It's arguably the most important thing about communicating your organization or production. It's how you let people know it's you when they receive your messages. No, it's not your logo. It's your brand. There's a difference—a big one. Let's talk...
"Brand" and "logo" are often conflated when discussing them, but they're two very different things, and the distinction is important to make. A logo is a unique visual mark used to represent your company. A brand is a large toolbox of visual elements and intangible ideas and guidelines that are used to identify who you are.
Your logo is just one element of this toolbox and, while it's the most prominent and recognizable element in the toolbox, it's still one of many tools at your disposal that should be used in concert with one another for optimally effective brand communication.
The typically recognizable parts of a brand can include a color palette (both individual tones as well as recommended pairings of them), fonts (and how to use them), and collateral templates (stationery, advertisements, etc.). Other elements of a brand that are just as important, but not always thought of, are photography tone and editorial style. The tone of the imagery you use with your brand should be consistent for brand cohesion, as well as the style and tone in which your copy is written.
Whether or not it's immediately apparent, every piece of communication coming from you is a project you need all elements of your brand for—you wouldn't try and build a gazebo without an entire set of tools, even if it seems like you could make do with only one or two.
All of these elements work together to create consistency in the messages you send out into the world. A quick glance at an ad or scan through some copy should be enough to let someone know it's you, without having to solely rely on your logo as a calling card. The tools in the brand toolbox take the pressure off your logo being the sole identifying factor of who the message or advertisement came from.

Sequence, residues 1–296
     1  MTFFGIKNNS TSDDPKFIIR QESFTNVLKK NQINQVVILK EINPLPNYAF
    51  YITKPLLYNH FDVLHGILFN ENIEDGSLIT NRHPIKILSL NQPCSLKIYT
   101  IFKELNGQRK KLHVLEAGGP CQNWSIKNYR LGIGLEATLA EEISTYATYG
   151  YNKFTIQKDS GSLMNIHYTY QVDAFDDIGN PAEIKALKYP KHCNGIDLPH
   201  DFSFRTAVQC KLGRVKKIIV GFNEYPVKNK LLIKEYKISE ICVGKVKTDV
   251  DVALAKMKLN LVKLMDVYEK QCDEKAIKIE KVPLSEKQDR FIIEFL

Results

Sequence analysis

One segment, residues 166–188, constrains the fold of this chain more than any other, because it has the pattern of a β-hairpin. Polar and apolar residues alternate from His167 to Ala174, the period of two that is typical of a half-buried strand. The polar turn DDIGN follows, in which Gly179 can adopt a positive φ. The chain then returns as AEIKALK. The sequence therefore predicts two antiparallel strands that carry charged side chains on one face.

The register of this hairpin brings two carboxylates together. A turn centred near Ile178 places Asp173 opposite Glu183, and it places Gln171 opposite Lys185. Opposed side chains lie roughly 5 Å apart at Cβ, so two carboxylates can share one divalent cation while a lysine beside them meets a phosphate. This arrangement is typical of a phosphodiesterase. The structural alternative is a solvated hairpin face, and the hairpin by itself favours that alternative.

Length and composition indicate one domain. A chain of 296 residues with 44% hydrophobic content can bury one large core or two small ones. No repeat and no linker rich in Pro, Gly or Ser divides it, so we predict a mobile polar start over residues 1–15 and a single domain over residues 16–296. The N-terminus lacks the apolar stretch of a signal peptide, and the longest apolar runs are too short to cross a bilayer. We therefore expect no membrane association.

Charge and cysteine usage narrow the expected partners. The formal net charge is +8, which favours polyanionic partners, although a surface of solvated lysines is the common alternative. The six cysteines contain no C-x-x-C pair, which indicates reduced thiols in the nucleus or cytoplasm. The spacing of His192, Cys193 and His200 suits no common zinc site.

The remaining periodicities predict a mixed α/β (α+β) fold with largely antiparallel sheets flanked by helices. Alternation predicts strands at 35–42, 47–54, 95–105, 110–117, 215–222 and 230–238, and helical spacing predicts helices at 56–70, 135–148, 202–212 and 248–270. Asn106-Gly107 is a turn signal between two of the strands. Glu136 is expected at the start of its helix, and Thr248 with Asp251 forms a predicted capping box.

Whether or not it's immediately apparent, every piece of communication coming from you is a project you need all elements of your brand for—you wouldn't try and build a gazebo without an entire set of tools, even if it seems like you could make do with only one or two. Without a solid brand in place, you'll perpetually be banging a nail with a screwdriver, because the screwdriver is all you've got.
Why not just get a hammer, too? Don't try to force your logo to do 100% of the work. There are other tools in the box (and if not, drive to Home Depot and buy them) that are eager to help tell your story.
Looking for some inspiration? Check out the archive at Brand New by Under Consideration for some truly gorgeous (and a few head scratching) identities for cultural institutions.
Photo: Alvin Chua